Anyone who has had to go to work after a sleepless night knows that there is no more challenging challenge for a sleepy person than trying to focus on an important subject. Bloodshot eyes cannot notice details, a stressed brain is looking for the easiest way or refuses to obey orders at all, and the body only dreams of assuming a horizontal position. This situation may even be a little comical, especially for office workers, but when it comes to responsible professions, there is no time for jokes. Cases when people's lives became the price to be paid for fatigue are far from isolated. We found 10 catastrophes of the recent past that occurred due to banal fatigue.
Exxon Valdez ship wreck
When the tanker Exxon Valdez ran aground off the coast of Alaska in 1989, it caused the second largest oil spill in history. Everything happened due to the fact that before sending on the flight, the management of the transport company decided to cut the staff. Those who stayed had to work a 14-hour shift. One of the captain's mates fell asleep at the workplace and did not report the sailing data on time. As a result, 11, 000, 000 gallons of oil ended up in the open ocean.
Chernobyl became the worst nuclear disaster in history. The explosion in the reactor of the power plant caused technical problems, but the researchers of the tragedy argue that it could have been avoided if the plant personnel had taken measures in time. But it was on the day of the disaster that the in-house engineers worked 13 hours or more and simply did not pay attention to the rising temperature in the reactor.
Three Mile Island
The Three Mile Island nuclear accident was one of the most devastating disasters in North America. The reactor core began to melt at 4 am on March 28, 1979, followed by a leak and explosion. The study showed that all the attendants were asleep at the time of the accident and could not take appropriate safety measures.
Shuttle Challenger crash
The world watched excitedly as the Challenger shuttle lifted off from Cape Canaveral in January 1986. But after a few seconds, joy was replaced by horror - the shuttle exploded in the air, not having time to leave the Earth's atmosphere. All seven crew members were killed in the explosion. And although the accident was recognized by specialists as a consequence of technical flaws, the launch managers worked overtime that day, as did the technicians at the start. Who knows, if they had had enough sleep and were attentive, the disaster could have been avoided.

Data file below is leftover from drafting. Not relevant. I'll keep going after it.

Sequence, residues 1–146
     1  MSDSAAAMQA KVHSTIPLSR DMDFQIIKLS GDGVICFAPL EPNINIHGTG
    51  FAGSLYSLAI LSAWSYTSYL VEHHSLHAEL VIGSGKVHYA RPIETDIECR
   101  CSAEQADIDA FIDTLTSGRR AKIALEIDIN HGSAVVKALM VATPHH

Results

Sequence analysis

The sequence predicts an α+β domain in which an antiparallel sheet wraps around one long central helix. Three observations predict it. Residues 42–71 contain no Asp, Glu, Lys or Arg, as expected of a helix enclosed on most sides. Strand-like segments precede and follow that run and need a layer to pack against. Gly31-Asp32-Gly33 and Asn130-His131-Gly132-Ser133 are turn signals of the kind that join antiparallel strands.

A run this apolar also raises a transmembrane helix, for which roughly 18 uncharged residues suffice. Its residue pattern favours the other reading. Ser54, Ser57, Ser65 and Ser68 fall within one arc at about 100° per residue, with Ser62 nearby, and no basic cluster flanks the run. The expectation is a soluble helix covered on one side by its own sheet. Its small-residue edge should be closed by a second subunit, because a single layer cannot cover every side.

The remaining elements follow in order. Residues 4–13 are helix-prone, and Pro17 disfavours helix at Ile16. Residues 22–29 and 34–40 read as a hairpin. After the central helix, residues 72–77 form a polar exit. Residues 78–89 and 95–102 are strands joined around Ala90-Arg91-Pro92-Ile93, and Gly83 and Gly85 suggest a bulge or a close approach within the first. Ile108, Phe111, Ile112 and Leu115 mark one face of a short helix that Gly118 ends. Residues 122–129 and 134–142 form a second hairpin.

American Airlines Flight 1420
On June 1, 1999, American Airlines Flight 1420 departed off the runway at Little Rock. As a result of the accident, 11 people were killed and 105 were injured of varying severity. An investigation by the Aviation Safety Committee concluded that the accident was a result of "fatigue-induced impairment in pilot performance."
Crash on the Canadian National Railroad
Two Canadian freight trains crashed into each other on November 15, 2001, spilling 3, 000 liters of diesel. Two crew members on one of the freight trains suffered from sleep apnea, which caused chronic insomnia. Following an investigation, Canada's National Transportation Safety Board introduced mandatory screening for drivers and assistants for sleep disorders.
Air France Flight 447
All 228 people aboard Air France Flight 447 were killed in the crash over the Atlantic Ocean on May 31, 2009. The official report of the crash investigation suggests that the pilot, Marc Dubois, slept only an hour the night before. The moment the plane collided with a tropical storm, the pilot was asleep.
Subway train wreck at Spuyten Duyvil station
The subway train driver fell asleep and stopped at the station at the wrong time. As a result of the uncontrolled acceleration, the train derailed. 4 people were killed and 61 were injured. Later it was found out that the driver suffered from sleep apnea and insomnia.
Train wreck at Salby
The largest train disaster occurred in the UK on 28 February 2001. The high-speed train derailed near the town of Salby due to the fact that the asleep driver did not brake on the slope.
Sleep behind the wheel
Statistics say that about a hundred thousand accidents occur annually due to sleep while driving, 20% of which are fatal.